The Run Express aspires to be a weekly publication providing useful running-related content while keeping you updated on everything going on in the Run Expression universe.
Shaping Our Culture
It seems like more and more great running teams and coaches are talking about culture as the key to their success. It’s likely that I’m especially tuned into this because I work at a company (Energage) that help businesses measure and improve their culture, but I find the implications of this very interesting. Check out the Northern Arizona University men’s cross country team who just won their third NCAA D1 championship in a row. At the helm is coach Mike Smith who believes much of their success can be attributed to sustained focus on building the right culture for their program. It certainly seems to be paying off. A little closer to home is the North Allegheny high school program that just won the male and female team PA state championship. Coach John Neff states that “it’s a special thing whenever people can come together and each contribute a little bit and do more together than they could ever do on their own.” That is very cool to hear in such an individual sport like running.
What is culture? It’s a shared set of behaviors, interaction patterns, and beliefs. At Energage we say that a company’s culture is the only truly sustainable competitive advantage. I see it all the time with the customers we work with, and I hear about it more and more in the context of running and athletics. Coach Steve Magness, distance coach at the University of Houston, likes to talk about how important a focus on culture can be. He explains it like this: “True culture reaches many of the same desired outcomes of team unity, belief, and buy-in from a positive path. Instead of control, we have trust. Instead of isolation to create a team, we have a shared purpose that is bigger than ourselves. Instead of exploiting vulnerabilities, we create an environment that acknowledges and accepts all of our issues.”
While much of the discussion centers on fostering great cultures at high school and collegiate programs, I don’t think the rest of us need to be left out. We have so many opportunities to be a part of communities that support our development as athletes and individuals. Recreational running teams, informal group training, coaching programs, and other groups can all bring us together. In fact, we have a ton of control over the groups we join, so we can consciously select opportunities that provide a culture that works best for us. There is no “one best” culture, only the culture that works best given the people and content you are operating in. So go find groups that bring out the best in you. Lean in and help out. The more you give to the group the more the group is going to give back to you.
As you can probably guess, this is on my mind as I attempt to build this community. In my hierarchy of what matters here, I put running performances on the list but I put it at the bottom. More important than athletic performances, in my opinion, is wisdom — I want us all to gain something important from our running experiences that we can use to help enhance our lives. And even more important than wisdom is personal fulfillment. Everyone has different motivations and reasons for running, and I believe it is important to understand and respect them. We are all responsible for our own personal fulfillment, but we are much more likely to attain it when we have people around us to provide support and encouragement. That brings us to the final value on our list: Social support. There are many things we can do together that we would never do on our own, or perhaps those things wouldn’t be as meaningful if we didn’t have others to share them with. If we do nothing else here, let’s find ways to help each other out.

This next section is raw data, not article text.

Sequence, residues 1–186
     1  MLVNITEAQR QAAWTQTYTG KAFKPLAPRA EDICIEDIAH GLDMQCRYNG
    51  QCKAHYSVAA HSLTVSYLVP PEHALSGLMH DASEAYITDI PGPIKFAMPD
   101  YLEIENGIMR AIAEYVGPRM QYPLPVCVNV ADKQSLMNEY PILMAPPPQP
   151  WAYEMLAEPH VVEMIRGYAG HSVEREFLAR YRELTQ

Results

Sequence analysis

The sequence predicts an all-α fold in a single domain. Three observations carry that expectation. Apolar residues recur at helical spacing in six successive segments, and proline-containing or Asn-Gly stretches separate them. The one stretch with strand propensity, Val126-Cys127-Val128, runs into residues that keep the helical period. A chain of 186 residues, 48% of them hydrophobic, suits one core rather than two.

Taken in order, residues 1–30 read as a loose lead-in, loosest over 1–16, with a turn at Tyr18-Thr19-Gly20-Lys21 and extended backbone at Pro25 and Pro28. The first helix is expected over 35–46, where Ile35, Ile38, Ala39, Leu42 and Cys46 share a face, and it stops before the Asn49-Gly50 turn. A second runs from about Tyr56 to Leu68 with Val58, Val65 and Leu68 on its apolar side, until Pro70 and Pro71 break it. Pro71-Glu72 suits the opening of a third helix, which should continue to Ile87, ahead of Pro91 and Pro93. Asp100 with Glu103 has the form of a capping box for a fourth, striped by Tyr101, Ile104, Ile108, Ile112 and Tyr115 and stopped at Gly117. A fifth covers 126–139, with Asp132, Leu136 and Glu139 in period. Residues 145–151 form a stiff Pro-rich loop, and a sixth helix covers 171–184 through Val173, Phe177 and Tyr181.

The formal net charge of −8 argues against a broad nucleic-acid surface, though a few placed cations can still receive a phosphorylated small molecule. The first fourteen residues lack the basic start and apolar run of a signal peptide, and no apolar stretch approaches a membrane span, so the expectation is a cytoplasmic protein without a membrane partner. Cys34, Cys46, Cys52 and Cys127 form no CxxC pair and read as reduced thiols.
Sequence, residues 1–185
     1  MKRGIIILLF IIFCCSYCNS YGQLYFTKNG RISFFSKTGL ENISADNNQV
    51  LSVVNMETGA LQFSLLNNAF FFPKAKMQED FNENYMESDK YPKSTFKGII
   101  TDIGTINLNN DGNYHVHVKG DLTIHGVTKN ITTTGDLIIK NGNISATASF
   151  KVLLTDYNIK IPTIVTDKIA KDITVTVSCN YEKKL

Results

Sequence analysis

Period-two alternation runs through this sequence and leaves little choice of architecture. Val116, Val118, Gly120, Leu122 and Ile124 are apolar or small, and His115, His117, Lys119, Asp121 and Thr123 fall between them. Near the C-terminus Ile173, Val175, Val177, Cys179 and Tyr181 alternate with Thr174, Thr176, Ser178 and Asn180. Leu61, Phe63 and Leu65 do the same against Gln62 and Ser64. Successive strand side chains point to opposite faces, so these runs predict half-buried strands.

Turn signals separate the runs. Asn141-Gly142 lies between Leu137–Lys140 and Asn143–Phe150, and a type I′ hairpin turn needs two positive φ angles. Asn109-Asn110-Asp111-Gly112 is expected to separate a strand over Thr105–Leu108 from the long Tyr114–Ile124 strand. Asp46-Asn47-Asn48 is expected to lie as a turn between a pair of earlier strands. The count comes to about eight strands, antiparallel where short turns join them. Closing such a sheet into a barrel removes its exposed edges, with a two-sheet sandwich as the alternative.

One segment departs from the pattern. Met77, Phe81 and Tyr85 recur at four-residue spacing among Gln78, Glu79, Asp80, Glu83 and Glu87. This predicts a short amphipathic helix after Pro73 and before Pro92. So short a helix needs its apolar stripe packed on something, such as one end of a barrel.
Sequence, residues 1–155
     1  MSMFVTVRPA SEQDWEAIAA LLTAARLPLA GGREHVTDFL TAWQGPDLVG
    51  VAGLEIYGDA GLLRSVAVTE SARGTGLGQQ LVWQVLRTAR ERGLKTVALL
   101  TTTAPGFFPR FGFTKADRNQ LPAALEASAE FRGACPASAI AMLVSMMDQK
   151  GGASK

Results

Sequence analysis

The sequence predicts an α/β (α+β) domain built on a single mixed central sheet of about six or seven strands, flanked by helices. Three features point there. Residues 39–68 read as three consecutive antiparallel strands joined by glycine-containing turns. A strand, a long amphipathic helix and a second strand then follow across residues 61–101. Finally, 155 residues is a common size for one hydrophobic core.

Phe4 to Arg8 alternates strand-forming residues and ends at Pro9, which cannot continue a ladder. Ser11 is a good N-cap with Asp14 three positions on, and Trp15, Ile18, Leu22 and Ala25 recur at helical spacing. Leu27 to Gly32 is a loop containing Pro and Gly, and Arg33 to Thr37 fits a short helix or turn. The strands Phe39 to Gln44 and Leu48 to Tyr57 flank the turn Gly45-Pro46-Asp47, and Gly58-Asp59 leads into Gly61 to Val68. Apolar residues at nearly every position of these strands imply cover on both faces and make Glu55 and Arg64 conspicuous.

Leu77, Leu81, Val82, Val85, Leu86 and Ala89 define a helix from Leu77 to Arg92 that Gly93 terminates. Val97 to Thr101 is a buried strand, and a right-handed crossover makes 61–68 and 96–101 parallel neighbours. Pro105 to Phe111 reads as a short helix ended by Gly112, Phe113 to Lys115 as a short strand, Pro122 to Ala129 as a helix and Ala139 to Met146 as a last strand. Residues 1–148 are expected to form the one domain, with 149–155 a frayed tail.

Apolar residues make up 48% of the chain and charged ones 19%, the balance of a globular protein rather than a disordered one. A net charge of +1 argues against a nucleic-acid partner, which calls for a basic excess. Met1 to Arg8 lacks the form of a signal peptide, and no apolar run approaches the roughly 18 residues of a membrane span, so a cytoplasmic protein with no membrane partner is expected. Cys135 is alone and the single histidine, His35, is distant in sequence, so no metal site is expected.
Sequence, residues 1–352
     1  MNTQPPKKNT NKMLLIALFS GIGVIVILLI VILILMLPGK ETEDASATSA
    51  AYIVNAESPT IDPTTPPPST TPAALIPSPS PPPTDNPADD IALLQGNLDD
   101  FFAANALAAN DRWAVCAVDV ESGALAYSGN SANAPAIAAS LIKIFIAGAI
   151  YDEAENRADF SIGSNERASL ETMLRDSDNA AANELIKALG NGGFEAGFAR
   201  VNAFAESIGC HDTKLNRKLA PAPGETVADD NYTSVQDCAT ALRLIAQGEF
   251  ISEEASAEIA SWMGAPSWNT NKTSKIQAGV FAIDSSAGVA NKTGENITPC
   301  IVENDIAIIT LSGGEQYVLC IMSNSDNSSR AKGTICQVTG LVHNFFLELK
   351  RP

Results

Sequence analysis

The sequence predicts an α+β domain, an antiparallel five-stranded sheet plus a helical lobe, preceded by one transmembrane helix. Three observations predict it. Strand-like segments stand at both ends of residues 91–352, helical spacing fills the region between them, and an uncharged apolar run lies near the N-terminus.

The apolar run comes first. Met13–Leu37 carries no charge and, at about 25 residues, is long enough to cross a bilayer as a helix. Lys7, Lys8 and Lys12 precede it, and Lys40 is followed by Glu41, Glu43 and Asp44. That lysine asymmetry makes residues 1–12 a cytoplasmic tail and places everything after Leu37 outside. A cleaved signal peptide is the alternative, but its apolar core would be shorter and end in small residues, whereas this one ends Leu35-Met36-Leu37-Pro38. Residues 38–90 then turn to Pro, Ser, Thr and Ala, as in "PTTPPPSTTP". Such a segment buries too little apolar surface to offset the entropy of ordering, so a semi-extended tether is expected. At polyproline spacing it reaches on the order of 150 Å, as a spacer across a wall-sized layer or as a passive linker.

In summary, we strive to run fast, we learn important lessons from our efforts, we find ways to use running to fulfill personal aspirations, and we interact together to help each other succeed. Please suggest ideas and challenge me so that we can shape our culture in a way that makes these our default behaviors.
Training and racing is hard work. Why do we do it? What happens when our efforts don’t lead to the performances we were striving for? Team Run Xpress athlete Bill Conn shares a great story about his experience at the 2018 Philadelphia Marathon. Check out his race report to see how focusing on a much deeper and more important “why” leads to more joy and fulfillment in the end.
Please consider writing and sharing your own race reports. They are a great way to reflect on your training and performance, and you’ll probably learn something that will help you in the future. If you feel like sharing, we’ll post reports at the Team Run Xpress site.
Running with rabbit
Speaking of Team Run Xpress, I’m very excited about our partnership with rabbit, the running apparel manufacturer based in California (who also manufactures everything in California). We were looking for a unique and distinctive apparel partner to work with, and we found just want we wanted with rabbit. The clothing feels and performs spectacularly. It also looks great. Here are some pictures of our latest racing kit.